FSB to dish out ASBOs to chronic late payers
Companies that repeatedly fail to pay their small-business suppliers on time are to be publicly named and shamed under plans announced by the Federation of Small Businesses (FSB), writes Kate Horstead.
After lobbying for stronger late payment legislation in the April Budget produced no response from the Chancellor, the business group is resorting to what it calls “a form of anti-social behaviour order” (ASBO) in a bid to shame the worst payers into settling their bills.
March figures from payment tracking firm Bacs showed that small firms are owed a mammoth £25.9 billion in outstanding payments. According to the Credit Management Research Centre, some of the UK’s biggest firms take more than 100 days to pay suppliers, compared to standard terms of 30 days.
“We’ll be giving the companies a form of ASBO by naming and shaming them, which is bad publicity for the company and therefore might stop them behaving in an anti-social way towards small businesses,” said FSB spokeswoman, Sophie Kummer.
“We’ll ask them to sign up to the Prompt Payment Code, introduced last November, and explain why late payment is a problem for small firms and warn them that we are going to have to name and shame them,” Kummer added.
The FSB estimates that 120 businesses are closing every day – with late payments by larger customers being a major cause of insolvency. It wants the Government to give Companies House more power to deal with those that renege on payments on behalf of small firms.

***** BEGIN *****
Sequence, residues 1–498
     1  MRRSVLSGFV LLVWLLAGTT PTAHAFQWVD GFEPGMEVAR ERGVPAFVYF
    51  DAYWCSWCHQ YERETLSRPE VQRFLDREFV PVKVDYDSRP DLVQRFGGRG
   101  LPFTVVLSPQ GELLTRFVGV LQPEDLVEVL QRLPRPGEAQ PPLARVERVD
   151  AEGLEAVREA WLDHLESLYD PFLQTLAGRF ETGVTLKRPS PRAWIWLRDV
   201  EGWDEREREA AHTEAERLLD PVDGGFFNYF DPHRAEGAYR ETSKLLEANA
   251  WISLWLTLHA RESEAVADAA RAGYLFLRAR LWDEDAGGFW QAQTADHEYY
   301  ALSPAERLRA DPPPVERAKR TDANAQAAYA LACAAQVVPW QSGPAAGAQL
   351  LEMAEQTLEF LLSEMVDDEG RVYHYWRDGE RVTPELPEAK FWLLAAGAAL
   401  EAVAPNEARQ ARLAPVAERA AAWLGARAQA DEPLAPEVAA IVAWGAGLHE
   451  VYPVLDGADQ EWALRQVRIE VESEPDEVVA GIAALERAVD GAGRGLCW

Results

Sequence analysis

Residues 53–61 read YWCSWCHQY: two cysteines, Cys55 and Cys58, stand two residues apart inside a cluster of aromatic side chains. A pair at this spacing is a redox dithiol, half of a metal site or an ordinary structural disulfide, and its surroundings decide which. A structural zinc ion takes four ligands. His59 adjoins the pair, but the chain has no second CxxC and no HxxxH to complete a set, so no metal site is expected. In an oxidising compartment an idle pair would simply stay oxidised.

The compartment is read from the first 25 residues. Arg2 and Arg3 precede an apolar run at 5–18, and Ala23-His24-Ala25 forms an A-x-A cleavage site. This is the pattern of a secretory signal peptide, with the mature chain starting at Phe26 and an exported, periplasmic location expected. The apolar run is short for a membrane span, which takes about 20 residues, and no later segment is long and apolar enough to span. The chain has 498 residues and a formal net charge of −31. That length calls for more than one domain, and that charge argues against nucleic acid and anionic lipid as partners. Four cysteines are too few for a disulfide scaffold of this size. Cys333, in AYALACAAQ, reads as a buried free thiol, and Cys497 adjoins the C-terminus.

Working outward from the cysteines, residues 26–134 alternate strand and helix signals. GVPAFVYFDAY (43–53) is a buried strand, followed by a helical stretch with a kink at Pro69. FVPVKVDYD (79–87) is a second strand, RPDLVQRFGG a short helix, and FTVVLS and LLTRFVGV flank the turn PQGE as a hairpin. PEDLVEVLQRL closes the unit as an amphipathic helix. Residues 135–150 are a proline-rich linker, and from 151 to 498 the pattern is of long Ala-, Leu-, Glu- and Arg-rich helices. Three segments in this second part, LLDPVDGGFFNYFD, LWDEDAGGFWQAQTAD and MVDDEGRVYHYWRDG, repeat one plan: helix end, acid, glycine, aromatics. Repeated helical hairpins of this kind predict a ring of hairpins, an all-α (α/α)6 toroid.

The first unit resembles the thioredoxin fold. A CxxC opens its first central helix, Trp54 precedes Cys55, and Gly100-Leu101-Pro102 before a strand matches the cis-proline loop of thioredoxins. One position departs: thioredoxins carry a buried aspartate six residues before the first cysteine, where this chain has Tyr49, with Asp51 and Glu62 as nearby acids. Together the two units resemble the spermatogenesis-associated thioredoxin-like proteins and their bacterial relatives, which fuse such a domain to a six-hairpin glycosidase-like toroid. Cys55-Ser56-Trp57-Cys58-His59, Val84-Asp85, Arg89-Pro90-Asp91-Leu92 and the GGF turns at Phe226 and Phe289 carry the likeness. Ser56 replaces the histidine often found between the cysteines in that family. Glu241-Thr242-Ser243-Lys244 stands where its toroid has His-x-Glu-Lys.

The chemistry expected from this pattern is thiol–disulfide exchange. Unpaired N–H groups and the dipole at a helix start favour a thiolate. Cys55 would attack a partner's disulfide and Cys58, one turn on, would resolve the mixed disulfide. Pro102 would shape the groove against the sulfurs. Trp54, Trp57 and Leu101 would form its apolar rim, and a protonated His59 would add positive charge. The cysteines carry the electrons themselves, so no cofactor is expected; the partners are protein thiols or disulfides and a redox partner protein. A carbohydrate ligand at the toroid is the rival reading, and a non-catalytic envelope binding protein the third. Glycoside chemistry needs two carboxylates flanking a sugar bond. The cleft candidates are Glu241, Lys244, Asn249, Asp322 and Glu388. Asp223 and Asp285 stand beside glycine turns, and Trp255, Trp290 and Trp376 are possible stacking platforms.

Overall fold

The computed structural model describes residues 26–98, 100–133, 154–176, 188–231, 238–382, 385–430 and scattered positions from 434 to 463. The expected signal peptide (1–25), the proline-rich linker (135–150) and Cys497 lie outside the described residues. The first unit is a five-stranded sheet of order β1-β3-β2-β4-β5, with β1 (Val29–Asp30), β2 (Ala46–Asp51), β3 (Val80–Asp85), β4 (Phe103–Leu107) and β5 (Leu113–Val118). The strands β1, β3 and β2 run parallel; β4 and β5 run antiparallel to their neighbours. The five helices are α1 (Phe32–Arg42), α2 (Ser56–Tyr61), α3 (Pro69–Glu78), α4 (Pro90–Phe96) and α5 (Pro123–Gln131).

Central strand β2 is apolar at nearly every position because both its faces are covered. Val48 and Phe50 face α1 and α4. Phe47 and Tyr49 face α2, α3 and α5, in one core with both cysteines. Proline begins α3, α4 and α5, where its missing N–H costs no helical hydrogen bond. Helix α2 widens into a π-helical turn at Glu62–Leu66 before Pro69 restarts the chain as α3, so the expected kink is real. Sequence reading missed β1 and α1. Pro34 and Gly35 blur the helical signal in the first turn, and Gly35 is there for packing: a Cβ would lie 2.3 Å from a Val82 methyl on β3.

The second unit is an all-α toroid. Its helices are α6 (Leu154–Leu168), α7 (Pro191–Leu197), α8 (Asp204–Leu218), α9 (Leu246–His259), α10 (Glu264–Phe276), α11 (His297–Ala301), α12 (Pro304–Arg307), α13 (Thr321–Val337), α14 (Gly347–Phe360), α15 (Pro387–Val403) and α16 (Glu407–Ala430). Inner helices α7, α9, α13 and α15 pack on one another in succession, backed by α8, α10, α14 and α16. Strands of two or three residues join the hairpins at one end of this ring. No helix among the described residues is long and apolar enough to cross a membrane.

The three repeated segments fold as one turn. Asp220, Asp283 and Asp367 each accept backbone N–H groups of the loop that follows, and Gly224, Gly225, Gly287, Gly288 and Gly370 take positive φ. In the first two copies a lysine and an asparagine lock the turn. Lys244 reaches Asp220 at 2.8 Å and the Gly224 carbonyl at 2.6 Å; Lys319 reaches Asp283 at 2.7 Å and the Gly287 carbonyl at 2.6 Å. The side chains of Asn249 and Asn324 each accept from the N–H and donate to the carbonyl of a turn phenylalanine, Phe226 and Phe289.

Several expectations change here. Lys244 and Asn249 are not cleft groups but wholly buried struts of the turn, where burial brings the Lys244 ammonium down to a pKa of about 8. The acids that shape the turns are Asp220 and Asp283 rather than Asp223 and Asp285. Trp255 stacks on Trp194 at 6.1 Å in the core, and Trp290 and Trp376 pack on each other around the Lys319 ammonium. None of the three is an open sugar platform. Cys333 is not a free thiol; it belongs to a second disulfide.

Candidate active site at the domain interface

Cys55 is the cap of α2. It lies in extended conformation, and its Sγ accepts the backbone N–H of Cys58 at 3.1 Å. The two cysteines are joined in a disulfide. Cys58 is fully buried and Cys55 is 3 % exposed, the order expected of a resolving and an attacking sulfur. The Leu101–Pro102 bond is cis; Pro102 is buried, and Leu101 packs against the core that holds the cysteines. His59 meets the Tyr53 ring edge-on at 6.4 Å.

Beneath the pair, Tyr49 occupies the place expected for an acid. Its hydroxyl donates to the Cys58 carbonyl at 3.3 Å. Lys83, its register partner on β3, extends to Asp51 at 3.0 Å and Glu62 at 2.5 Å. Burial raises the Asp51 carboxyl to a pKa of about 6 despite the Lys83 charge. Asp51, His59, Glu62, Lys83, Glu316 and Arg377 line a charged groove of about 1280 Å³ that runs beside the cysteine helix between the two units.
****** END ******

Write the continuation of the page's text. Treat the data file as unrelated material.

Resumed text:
“A legal process costs money and takes a lot of time out of the working day, and small firms have to make the difficult decision whether to take time out or to carry on running the day-to-day business,” said Kummer.
The Chartered Institute of Purchasing and Supply’s director of professional practice, Roy Ayliffe, however, said that negotiation is the most effective way to resolve difficulties between companies and suppliers.
“Partners should be working closely together to create best value in their relationships, whether they’re a buyer or supplier, as these are tricky times we’re all living through and we all need each other,” said Ayliffe.
“Negotiation is the best way forward to reach a compromise and being aware of each other’s difficulties makes those solutions easier to find,” he added. “Small suppliers are extremely important in the supply chain, and so buyers do not always have the upper hand.”
For more information read about the Institute of Credit Management‘s Prompt Payment Code or take a look at the Late Payment of Commercial Debts (Interest) Act 1998 and the amended Late Payment Payment of Invoices (2002)